Salewa didn’t stop wth the insulation when it designed its Fusion Hybrid sleeping bag as it also built-in all the convenience features anyone might need in a sleeping bag. Extras such as a drawstring hood, a draft collar and tube for warmth, and a foot section with its zipper make this bag a solid choice. When it’s warm outside, it’s also capable of being unzipped and used as a blanket and features a full-length, two-way YKK zipper compatible with other sleeping bags — a welcome bonus for those camping with a significant other.
Kelty Sine 35
Why should you buy this: The Kelty Sine 35 is the perfect 3-season bag. It’ll keep you warm in the spring and fall but is designed with exceptional ventilation to cool you off when temperatures start to climb.
Who’s it for: Backpackers who want a single bag for the summer that’s warm enough to carry over into shoulder seasons.
How much will it cost: $239
Temperature rating: 35 degrees Fahrenheit
Weight: 1 pound 14 ounces
Fill: 800 fill power DriDown
Why we picked the Kelty Sine 35:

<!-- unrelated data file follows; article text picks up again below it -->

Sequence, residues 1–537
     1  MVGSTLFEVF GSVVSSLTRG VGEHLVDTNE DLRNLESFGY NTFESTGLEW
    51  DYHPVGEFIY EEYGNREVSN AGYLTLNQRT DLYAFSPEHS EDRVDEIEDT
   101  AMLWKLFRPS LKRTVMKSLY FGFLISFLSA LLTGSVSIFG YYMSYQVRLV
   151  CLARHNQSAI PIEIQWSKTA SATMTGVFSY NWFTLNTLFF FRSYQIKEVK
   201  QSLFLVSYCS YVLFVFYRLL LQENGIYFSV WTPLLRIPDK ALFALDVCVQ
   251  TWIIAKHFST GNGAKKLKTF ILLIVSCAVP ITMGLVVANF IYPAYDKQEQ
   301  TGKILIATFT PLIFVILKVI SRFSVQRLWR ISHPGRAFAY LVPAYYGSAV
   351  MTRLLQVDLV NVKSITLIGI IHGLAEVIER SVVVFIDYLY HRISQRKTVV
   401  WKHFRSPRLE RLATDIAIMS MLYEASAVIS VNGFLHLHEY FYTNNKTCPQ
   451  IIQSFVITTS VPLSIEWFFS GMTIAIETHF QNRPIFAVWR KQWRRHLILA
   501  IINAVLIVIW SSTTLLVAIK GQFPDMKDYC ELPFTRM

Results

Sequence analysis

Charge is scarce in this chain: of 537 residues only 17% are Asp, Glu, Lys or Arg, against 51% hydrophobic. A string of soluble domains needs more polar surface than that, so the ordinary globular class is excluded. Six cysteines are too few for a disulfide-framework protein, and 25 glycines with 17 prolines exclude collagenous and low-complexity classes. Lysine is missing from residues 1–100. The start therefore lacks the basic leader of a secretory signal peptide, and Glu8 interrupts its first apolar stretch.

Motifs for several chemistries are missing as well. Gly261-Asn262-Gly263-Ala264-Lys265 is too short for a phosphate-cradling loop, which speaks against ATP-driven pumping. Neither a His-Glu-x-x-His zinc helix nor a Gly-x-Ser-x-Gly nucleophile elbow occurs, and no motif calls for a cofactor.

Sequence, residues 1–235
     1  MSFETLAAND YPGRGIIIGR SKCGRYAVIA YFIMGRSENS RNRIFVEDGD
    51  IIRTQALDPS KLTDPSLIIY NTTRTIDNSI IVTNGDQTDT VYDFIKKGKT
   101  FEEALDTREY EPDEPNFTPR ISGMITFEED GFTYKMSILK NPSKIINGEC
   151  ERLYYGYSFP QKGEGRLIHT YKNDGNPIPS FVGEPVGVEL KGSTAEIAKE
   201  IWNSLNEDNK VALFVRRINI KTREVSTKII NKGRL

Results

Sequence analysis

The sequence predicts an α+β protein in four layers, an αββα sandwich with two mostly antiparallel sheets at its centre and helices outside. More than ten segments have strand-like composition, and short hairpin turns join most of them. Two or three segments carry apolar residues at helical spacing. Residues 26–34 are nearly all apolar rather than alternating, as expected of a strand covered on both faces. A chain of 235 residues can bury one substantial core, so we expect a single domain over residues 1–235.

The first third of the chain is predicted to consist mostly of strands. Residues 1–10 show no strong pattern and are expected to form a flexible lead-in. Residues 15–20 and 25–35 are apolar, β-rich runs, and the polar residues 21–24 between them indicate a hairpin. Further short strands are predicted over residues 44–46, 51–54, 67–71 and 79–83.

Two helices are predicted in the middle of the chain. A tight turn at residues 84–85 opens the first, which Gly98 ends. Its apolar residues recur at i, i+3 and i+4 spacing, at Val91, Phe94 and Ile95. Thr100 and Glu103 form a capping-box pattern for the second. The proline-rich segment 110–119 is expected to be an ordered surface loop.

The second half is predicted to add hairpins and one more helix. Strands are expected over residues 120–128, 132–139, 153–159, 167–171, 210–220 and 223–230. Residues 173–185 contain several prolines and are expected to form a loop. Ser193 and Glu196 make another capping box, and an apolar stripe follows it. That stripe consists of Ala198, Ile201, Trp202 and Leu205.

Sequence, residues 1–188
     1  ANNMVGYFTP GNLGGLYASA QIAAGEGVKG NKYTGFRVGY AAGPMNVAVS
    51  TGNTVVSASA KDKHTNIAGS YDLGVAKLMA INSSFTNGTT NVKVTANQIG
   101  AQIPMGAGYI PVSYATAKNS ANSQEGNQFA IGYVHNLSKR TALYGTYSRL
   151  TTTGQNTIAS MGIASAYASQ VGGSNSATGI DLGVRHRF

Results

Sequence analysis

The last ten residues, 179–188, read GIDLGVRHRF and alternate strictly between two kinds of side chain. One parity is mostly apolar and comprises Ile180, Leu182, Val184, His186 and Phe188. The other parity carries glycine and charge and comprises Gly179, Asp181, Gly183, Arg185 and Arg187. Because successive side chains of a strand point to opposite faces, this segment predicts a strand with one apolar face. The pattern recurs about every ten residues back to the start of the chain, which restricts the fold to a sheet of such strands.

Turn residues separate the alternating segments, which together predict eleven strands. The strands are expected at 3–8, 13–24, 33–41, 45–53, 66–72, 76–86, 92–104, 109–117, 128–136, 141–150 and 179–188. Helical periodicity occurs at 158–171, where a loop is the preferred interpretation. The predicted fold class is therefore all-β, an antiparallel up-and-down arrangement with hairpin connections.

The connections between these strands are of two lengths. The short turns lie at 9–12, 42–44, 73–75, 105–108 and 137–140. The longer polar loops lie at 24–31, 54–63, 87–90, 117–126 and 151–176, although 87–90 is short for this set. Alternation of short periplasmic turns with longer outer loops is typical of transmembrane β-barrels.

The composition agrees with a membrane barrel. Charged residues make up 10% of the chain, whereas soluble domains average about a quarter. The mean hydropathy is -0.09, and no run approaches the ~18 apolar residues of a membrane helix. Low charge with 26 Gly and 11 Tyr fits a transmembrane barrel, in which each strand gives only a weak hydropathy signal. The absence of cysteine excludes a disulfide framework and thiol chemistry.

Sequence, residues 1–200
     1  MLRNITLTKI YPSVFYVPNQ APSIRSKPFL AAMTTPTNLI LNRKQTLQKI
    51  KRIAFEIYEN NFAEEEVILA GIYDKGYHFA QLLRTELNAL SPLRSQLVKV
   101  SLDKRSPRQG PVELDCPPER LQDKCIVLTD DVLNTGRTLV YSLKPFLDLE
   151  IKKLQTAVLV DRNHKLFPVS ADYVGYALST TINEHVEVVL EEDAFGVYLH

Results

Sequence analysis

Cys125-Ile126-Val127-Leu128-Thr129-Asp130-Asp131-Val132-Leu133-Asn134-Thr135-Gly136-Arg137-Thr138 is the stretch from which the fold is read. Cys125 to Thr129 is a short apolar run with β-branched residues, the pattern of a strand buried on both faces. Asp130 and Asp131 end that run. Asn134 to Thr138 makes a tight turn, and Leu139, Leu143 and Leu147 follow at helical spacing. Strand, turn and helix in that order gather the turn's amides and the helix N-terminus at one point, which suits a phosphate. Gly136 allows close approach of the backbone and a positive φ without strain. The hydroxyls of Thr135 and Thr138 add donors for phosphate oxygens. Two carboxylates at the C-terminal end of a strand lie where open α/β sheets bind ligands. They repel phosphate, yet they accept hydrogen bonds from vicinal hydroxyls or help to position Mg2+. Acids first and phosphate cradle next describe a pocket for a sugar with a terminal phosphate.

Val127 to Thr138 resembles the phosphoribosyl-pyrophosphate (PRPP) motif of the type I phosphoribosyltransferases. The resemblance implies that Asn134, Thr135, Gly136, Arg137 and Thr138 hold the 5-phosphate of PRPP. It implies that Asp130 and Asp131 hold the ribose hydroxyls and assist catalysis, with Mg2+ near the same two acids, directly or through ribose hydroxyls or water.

The Kelty Sine 35 is fantastic down bag for those warm summer hikes that take you to distant mountains. The bag’s number one feature is its flexibility as it’s deal for both warm and colder nights, allowing you to pick one bag for 90 percent of your backpacking needs. It also accommodates a man-sized frame but has extra down for women who sleep cold.
As its name implies, the Sine 35 has a 35-degree rating when fully zipped — perfect for those occasional cold nights. When it gets warmer, the bag uses two well-placed zippers for ventilation; one which extends across the chest allowing for air flow and another that exposes the feet and lower legs, providing a way for cool air to seep into the bag without comprising warmth in the middle.
The Sine 35 is chock full of features. The Arc zipper system not only allows for cooling as mentioned above but it’s also set at an angle, allowing for natural arm movement across the body when unzipping the bag. There’s a natural fit toe box for comfort along with a zipper draft tube for warmth. Kelty designed the tube to be anti-snag, so you won’t need to worry about catching any fabric. Another bonus in the Sine 35 is the built-in pillow pocket at the head which allows you to stuff an extra jacket to create a pillow.